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Suspicious Minds: The Link Between Stress and Perceptions of Agency

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posted on 09.12.2021, 08:10 by Meier, Jeremy

How do we perceive other minds? Research shows that people intuitively think about other minds in terms of two dimensions: agency (the capacity to think and act) and experience (the capacity to sense and feel). Perceiving a mind in another entity can alter how people interact it because mind perception implies moral status. There is evidence that stress alters the treatment of others, including contributing to dehumanization (the failure to perceive a humanlike mind in another person), but the effect of stress on mind perception is unknown. Based on previous research about the effects of stress on psychological phenomena related to the dimensions of agency and experience, I hypothesized that stress increases perceptions of agency and reduces perceptions of experience. To test these hypotheses, I conducted four studies combining two different measures of mind perception and two different methodological approaches. The results were inconsistent from one study to the next, but a tentative pattern emerged when taking all studies together. Participants who reported high levels of pre-existing stress tended to perceive more agency across a range of different entities, while inducing stress in the laboratory caused participants to attribute agency more readily to inanimate human faces. These results were weak and inconsistent, but they suggest that stress might increase perceptions of agency. The results for experience were inconclusive. I discuss some possible implications of my findings for mind perception and morality.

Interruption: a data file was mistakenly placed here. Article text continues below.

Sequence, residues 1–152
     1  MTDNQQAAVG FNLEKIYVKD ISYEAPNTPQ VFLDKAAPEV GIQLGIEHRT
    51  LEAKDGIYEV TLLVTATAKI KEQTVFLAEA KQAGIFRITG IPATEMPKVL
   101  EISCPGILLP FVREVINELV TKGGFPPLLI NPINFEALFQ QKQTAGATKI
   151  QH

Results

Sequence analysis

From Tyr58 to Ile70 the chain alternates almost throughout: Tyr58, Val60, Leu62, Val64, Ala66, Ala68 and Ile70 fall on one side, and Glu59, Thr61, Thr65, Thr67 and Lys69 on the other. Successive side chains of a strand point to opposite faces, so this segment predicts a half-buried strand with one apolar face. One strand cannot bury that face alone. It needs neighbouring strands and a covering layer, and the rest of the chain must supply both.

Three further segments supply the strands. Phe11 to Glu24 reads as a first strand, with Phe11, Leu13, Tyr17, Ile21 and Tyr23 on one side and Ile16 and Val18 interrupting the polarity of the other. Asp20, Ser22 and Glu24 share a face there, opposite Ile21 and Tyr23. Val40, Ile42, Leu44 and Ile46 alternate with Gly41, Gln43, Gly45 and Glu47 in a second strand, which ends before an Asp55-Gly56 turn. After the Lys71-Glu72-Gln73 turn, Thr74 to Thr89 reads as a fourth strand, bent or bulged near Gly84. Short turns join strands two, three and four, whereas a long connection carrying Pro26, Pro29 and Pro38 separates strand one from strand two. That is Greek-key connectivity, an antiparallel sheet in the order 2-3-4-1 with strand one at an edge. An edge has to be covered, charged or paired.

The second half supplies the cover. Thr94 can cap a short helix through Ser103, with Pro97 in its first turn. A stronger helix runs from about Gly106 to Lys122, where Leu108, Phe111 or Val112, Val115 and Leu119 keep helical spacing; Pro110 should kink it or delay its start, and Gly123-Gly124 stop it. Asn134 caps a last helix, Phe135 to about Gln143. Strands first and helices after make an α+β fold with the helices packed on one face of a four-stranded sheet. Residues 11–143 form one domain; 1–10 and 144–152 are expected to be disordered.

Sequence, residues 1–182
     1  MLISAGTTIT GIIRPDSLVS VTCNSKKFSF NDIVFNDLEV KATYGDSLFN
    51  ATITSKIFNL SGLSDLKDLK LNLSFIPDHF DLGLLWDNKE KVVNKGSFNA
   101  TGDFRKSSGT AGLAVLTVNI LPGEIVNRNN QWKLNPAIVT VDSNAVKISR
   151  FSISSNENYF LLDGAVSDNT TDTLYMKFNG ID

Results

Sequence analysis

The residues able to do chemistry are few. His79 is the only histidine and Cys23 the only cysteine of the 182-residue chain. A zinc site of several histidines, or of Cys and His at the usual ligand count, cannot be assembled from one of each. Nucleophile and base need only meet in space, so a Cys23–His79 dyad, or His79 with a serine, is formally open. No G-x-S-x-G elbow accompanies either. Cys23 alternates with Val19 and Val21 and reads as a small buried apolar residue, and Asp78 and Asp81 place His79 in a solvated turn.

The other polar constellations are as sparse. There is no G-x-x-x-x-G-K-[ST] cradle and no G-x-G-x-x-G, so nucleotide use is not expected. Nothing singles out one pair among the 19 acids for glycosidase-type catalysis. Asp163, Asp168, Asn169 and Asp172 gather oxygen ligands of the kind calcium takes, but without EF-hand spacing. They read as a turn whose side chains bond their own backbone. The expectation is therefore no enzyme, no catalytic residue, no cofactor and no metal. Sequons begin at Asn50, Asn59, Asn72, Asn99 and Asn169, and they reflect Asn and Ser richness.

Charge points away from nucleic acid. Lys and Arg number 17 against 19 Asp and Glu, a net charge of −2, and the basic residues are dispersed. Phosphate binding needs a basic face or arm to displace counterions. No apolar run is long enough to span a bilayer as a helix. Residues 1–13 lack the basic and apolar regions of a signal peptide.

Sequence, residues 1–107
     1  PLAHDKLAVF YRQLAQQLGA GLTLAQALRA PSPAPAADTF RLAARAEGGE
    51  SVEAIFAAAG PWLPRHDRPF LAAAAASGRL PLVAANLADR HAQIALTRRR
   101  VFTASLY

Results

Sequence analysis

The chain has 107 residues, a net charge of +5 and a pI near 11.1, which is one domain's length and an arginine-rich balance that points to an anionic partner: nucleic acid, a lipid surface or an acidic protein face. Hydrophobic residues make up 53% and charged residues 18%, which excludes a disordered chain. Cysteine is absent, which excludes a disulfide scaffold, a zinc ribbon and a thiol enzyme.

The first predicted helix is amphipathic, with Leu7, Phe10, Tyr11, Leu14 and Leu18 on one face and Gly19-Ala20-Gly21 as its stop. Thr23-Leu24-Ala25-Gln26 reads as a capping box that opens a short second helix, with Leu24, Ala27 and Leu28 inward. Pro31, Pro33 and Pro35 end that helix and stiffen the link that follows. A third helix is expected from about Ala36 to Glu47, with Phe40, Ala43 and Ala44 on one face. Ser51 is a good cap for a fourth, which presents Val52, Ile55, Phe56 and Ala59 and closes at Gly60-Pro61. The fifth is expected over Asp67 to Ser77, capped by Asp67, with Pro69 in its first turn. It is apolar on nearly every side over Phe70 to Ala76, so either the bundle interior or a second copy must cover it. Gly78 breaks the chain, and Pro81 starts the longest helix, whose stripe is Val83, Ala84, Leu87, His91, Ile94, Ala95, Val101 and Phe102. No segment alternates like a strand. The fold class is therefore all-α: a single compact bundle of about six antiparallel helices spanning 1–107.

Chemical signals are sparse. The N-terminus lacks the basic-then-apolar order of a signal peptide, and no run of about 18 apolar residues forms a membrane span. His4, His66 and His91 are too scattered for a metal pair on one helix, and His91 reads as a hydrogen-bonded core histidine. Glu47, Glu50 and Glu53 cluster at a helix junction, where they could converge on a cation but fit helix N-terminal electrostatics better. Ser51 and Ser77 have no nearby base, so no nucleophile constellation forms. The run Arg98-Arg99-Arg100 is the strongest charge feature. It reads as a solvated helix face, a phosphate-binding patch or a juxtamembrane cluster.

Copyright Date


Date of Award



Te Herenga Waka—Victoria University of Wellington

Rights License

Author Retains Copyright

Degree Discipline

Cognitive and Behavioural Neuroscience

Degree Grantor

Te Herenga Waka—Victoria University of Wellington

Degree Level


Degree Name

Master of Science

ANZSRC Type Of Activity code


Victoria University of Wellington Item Type

Awarded Research Masters Thesis



Victoria University of Wellington School

School of Psychology


Carmel, David; Grimshaw, Gina